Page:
Erbil, originally Sumerian and Assyrian city is located in the foothills of the eastern Iraqi mountains is believed to be the oldest permanently inhabited city in the world. Choli minaret is dated to the Atabag period and was built by ruler of Erbil Muzaffar al-Din Kukburi (1168-1233) brother in law of well known Salahaddin. The structure was built from low burnt bricks using gypsum based renders and mortars. Due to the long term effect of deterioration, the essential part of the architecture has disappeared and thus the leaning minaret is the last survival of the past mosque.
VÍCE INFORMACÍ

Based on the results of the general assessment of the whole monument carried out in 2006 all conservation and stabilization processes were provided. The policy of intervention was kept in terms of pure conservation of the historic landmark. The stabilization of the whole structure and conservation treatments of all surfaces were carried out without the tendency to reconstruct missing and unknown parts of the minaret. The only exception was the area of lower niches where pure conservation would be confusing from the architectural point of view. The inside area of all niches has been covered by mortar imitating the under layer for ceramic tiles. All remaining original parts were carefully consolidated and retouched. The inner vaults of niches were reconstructed to its original shape to make the architectural frame better identified.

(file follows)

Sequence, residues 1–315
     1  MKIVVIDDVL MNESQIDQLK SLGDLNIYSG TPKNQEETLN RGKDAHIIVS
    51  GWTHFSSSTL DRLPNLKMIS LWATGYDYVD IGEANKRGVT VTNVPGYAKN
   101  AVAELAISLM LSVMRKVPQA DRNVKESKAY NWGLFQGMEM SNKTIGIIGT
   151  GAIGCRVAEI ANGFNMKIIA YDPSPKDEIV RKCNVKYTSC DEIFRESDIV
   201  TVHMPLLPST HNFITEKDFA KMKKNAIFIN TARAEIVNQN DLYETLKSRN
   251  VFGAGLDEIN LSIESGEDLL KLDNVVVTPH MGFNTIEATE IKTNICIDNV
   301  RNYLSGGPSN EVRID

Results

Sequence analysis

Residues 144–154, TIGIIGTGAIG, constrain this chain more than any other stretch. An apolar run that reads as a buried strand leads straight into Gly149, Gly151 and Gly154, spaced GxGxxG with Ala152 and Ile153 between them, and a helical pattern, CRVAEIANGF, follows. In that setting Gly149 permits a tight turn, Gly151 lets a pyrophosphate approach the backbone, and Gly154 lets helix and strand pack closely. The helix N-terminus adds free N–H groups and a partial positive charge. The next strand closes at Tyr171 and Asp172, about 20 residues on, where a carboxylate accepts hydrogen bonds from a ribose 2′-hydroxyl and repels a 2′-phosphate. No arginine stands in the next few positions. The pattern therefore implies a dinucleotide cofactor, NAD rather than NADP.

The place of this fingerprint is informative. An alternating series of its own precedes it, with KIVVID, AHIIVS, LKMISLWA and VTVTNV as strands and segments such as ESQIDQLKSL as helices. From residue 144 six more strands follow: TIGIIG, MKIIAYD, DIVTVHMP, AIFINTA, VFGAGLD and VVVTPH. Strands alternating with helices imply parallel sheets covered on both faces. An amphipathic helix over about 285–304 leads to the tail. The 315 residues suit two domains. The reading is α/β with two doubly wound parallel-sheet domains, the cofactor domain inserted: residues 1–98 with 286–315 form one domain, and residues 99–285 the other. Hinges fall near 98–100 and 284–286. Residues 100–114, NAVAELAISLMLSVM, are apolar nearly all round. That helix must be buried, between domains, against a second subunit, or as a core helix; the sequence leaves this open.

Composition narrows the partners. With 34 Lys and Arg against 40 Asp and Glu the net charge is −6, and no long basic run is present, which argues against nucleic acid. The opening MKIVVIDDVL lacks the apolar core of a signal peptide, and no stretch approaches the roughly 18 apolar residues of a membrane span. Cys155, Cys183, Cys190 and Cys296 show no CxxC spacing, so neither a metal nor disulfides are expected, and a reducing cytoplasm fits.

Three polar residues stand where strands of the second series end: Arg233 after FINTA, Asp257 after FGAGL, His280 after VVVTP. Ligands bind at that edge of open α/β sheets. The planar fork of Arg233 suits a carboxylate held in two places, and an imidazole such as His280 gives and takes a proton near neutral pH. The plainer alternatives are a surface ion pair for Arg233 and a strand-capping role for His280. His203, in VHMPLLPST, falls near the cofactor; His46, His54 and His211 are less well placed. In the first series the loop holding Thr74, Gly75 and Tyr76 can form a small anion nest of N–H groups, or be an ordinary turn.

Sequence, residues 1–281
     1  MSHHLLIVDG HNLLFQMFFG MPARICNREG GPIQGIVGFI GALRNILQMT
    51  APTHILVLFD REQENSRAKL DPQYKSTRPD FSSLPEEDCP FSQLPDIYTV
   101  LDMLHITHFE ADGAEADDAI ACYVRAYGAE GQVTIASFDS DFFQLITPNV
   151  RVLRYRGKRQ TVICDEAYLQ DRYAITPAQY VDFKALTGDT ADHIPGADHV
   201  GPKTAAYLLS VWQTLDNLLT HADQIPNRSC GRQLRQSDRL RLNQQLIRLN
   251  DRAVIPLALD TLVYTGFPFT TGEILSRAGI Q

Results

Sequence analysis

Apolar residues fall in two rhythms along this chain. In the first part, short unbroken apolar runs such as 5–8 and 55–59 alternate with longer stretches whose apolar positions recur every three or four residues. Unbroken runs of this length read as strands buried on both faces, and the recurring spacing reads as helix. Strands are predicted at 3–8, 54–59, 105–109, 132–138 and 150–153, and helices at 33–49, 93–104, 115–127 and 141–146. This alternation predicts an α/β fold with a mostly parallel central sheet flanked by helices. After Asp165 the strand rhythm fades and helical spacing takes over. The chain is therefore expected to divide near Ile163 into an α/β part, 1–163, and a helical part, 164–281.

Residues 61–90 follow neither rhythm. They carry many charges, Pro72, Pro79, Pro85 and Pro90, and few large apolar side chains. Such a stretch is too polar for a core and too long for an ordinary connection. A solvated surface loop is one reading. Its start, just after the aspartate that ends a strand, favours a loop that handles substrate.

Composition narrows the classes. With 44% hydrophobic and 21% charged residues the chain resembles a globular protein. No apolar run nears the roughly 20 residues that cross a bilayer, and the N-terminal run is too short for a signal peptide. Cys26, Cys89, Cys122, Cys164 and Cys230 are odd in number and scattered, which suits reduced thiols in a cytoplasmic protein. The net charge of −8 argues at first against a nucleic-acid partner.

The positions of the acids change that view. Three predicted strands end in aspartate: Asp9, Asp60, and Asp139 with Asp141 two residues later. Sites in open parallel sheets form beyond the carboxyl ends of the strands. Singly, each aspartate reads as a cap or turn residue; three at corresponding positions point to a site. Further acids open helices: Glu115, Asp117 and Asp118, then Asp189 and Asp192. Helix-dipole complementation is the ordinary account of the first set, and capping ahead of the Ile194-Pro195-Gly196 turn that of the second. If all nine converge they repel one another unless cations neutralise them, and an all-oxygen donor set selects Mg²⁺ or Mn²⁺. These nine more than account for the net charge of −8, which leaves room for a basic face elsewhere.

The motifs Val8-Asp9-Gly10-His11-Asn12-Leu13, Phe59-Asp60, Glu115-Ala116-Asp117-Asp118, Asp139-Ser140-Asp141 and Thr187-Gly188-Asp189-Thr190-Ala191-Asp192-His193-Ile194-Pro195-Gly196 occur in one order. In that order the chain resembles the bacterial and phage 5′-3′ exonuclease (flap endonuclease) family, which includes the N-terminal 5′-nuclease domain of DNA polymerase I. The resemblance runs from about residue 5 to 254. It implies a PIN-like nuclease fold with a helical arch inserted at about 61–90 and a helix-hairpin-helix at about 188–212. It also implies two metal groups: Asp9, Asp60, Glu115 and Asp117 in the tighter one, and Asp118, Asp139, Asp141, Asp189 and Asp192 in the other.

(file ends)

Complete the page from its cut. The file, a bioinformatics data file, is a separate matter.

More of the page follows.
The main task of the project was to implement the entire static masonry reinforcement of all walls and then to re-connect the internal body with external shell. The principal components of the system were spiral stainless steel rods HeliBars made from austenitic stainless steel XCrNi 1810. Bars were of different length and cross-section depending upon the application, which were bonded into cut slots at pre-determined levels in the masonry using thixotropic cementitious grout HeliBond MM3.
The conservation treatment of masonry covered repointing of all joints in the entire brick structure, consolidation and restoration of fragments of both ceramic and gypsum decorations including color and plastic retouching. The interior of both staircases has been rehabilitated. Bricks that have been deteriorated to the extent of losing their stability were replaced. Bricks for substitutions were produced according to the historic technology in the specialized brick workshop with the respect to the historic ratio of raw materials. All refilling materials followed the results of the research of ancient materials and were based on modified alpha-gypsum system with silica sand as a main aggregate. Last remaining stucco architectural parts that were in acute danger of collapsing were re-attached back to the core of the minaret. Subsequently, all open spaces, crevices and cracks were thoroughly filled in with the modified gypsum based filling material. The drained circle around the minaret was paved by replicas of historic low burnt brick tiles called “farshi” additionally consolidated by ethylsilicates.

  • Address:

    Erbil, Iraq

  • Client:

    Ministry of Culture of the Kurdistan Regional Government, Iraq

  • Description of work:

    General Assesment of monument

  • Realization:

    2008–2009

SEE MORE